Habitat Project:

Alvord Lake Community Forest

A landmark collaborative effort to protect shoreline habitat and public access in far northwest Montana.

Alvord Lake was conserved for a local community and for its wildlife values.

Photo by Adrienne Ingram

Alvord Lake was conserved for a local community and for its wildlife values.
map of Alvord Lake
Common loons nest on Alvord Lake.
The Alvord Lake $1.15 million project was anchored by a $400,000 U.S. Forest Service Community Forest and Open Spaces Program grant.

Photo by Ryan Lutey

Alvord Lake and the surrounding forest serves as winter range for moose, deer and elk.

Photo by Ryan Lutey

Nesting loons call Alvord Lake home.

Photo by Ryan Lutey

The Friends of Alvord Lake and citizens of northwest Montana protected public access to the lake.

Photo by Kevin Rhoades

Alvord Lake - 142 acres of forested land in northwest Montana conserved forever.

Photo by Ryan Lutey

Alvord Lake - lilly pads

Photo by Ryan Lutey

Alvord Lake was conserved for a local community and for its wildlife values. Alvord Lake was conserved for a local community and for its wildlife values. map of Alvord Lake Common loons nest on Alvord Lake. The Alvord Lake $1.15 million project was anchored by a $400,000 U.S. Forest Service Community Forest and Open Spaces Program grant. Alvord Lake and the surrounding forest serves as winter range for moose, deer and elk. Nesting loons call Alvord Lake home. The Friends of Alvord Lake and citizens of northwest Montana protected public access to the lake. Alvord Lake - 142 acres of forested land in northwest Montana conserved forever. Alvord Lake - lilly pads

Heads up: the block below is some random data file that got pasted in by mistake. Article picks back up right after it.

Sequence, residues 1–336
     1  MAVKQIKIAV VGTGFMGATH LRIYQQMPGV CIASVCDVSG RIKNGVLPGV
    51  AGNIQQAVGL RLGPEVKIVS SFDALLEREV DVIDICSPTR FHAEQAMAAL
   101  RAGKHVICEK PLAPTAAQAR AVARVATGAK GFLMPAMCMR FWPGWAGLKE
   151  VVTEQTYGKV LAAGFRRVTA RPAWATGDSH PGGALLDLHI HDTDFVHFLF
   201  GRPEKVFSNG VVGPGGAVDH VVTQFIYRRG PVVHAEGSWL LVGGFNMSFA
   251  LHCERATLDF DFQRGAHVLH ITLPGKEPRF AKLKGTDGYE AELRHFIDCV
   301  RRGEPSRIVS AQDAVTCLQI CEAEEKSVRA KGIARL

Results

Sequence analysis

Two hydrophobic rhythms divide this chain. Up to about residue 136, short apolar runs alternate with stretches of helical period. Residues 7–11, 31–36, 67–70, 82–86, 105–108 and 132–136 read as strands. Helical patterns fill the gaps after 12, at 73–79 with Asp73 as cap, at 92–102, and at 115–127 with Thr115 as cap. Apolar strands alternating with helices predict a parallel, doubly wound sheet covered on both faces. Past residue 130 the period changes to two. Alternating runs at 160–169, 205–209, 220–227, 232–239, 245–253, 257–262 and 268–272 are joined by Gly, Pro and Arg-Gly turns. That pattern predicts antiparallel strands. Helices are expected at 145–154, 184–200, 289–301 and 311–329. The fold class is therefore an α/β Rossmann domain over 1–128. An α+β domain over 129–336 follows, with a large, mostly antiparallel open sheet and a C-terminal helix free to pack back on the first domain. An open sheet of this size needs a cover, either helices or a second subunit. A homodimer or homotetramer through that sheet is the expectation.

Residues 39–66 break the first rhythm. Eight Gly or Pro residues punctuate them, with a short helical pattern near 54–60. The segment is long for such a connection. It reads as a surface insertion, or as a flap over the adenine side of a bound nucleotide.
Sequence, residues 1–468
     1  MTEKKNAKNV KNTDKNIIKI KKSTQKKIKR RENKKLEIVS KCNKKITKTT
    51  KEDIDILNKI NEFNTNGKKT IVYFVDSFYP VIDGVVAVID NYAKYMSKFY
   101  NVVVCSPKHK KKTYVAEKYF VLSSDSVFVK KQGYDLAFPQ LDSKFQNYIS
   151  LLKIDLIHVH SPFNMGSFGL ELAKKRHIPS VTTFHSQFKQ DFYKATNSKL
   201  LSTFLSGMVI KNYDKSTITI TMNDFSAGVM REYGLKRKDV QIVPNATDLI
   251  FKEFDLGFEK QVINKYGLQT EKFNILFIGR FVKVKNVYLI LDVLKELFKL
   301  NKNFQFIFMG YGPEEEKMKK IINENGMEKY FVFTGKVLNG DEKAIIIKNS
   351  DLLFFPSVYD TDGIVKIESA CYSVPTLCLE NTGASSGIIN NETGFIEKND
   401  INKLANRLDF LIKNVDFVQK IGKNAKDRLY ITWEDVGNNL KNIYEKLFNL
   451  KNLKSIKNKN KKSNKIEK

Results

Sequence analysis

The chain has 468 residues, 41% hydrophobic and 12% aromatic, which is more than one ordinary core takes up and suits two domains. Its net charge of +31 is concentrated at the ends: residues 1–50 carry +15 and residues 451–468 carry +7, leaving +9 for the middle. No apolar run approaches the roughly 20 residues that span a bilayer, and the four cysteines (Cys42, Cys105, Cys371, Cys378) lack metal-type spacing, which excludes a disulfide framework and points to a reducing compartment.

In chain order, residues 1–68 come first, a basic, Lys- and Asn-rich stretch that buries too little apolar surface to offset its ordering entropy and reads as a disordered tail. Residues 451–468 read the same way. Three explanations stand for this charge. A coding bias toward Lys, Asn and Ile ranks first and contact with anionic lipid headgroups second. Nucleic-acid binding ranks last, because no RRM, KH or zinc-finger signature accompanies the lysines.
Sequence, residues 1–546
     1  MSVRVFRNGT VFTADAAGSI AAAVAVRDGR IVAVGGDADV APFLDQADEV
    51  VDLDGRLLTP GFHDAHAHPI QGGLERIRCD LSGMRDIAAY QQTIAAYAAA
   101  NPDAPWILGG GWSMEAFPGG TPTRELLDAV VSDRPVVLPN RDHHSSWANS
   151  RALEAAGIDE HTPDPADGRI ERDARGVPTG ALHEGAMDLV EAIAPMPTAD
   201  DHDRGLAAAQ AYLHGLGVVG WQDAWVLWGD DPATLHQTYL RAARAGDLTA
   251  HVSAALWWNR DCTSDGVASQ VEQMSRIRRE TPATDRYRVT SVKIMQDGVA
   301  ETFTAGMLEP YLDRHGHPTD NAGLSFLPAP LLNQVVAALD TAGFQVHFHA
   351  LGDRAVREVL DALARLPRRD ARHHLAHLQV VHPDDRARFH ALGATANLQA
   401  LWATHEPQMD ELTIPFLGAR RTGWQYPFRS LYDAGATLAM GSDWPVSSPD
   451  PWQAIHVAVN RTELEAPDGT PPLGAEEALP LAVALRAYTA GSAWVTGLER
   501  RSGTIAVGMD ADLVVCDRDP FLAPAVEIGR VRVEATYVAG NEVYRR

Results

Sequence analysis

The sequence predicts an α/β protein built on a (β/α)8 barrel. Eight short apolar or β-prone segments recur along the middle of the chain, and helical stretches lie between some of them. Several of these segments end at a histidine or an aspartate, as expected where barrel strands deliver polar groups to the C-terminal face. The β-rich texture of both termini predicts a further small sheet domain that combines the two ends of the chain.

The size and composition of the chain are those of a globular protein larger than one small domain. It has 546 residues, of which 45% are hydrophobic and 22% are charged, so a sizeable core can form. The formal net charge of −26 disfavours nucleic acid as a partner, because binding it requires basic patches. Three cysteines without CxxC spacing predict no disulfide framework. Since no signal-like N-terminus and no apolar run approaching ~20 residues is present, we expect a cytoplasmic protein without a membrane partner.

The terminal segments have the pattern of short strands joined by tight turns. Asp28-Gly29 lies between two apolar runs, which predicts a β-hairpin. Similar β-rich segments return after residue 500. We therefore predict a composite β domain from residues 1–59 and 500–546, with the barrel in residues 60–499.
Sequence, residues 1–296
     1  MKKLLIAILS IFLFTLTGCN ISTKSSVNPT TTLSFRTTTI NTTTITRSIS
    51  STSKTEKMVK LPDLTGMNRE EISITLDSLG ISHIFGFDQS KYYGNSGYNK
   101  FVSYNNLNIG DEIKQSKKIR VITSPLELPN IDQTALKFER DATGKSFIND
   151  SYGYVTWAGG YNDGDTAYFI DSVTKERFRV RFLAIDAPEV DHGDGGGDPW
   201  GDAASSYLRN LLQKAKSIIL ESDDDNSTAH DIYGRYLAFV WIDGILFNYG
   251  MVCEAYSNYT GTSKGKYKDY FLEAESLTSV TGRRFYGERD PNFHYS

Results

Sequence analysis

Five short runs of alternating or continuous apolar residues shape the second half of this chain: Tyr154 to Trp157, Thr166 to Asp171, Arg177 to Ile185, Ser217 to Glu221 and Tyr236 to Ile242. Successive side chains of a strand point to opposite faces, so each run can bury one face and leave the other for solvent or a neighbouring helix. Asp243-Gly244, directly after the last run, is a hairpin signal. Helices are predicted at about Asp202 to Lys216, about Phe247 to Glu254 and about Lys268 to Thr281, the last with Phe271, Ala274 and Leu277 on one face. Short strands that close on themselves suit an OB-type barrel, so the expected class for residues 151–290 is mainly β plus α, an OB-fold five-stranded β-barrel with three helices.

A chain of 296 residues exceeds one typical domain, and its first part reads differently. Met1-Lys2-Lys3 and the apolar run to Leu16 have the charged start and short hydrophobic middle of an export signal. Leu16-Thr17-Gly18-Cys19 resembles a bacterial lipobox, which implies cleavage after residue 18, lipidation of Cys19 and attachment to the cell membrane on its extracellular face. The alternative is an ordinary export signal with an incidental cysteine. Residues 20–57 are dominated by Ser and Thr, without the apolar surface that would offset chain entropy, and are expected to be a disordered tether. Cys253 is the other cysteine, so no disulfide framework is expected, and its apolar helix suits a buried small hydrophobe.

Alvord Lake Community Forest PROJECT BRIEF

A unique U.S. Forest Service fund; a state fish and wildlife trust; community conservation and educational groups; and, of course, generous individual donors. From the federal to the local, the effort to create Alvord Lake Community Forest out of a proposed lakeshore subdivision is the largest and most collaborative in Vital Ground’s history. And it’s a prime illustration of how our work to protect grizzly habitat carries benefits far beyond a single species.

“This project is a great example of how on-the-ground collaboration increases public access to Montana’s treasured places,” said U.S. Senator Jon Tester, who helped secure funding for Alvord Lake.

It’s true: Alvord Lake is a public attraction. Two miles north of Troy, MT, the sickle-shaped lake lies close enough to town that it’s a favorite fishing, boating and field trip spot for the 1,000-person community in far northwest Montana. But it’s much more, too. Alvord’s water provides one of the state’s few nesting sites for common loons, its mid-elevation shoreline serves moose and elk as favored winter range, and its setting on the southern edge of the Purcell Mountains—a range that stretches north into vast Canadian wild lands—helps connect sensitive grizzlies, Canada lynx and wolverines with habitat cores farther south in the Cabinet and Bitterroot ranges.

Much of that value would have vanished without the collaborative conservation effort that led to Vital Ground’s purchase of 142 acres of forested shoreline in 2015. Read the full story here and check out a feature on the community effort in High Country News.

Alvord Lake at a Glance

  • 142 acres, including one-third of a mile of Alvord Lake shoreline
  • Balances habitat value with public access for recreation and education
  • Combines with Kootenai National Forest lands to complete protection of lakeshore
  • Partners include U.S. Forest Service, Montana FWP, Society of American Foresters and Yaak Valley Forest Council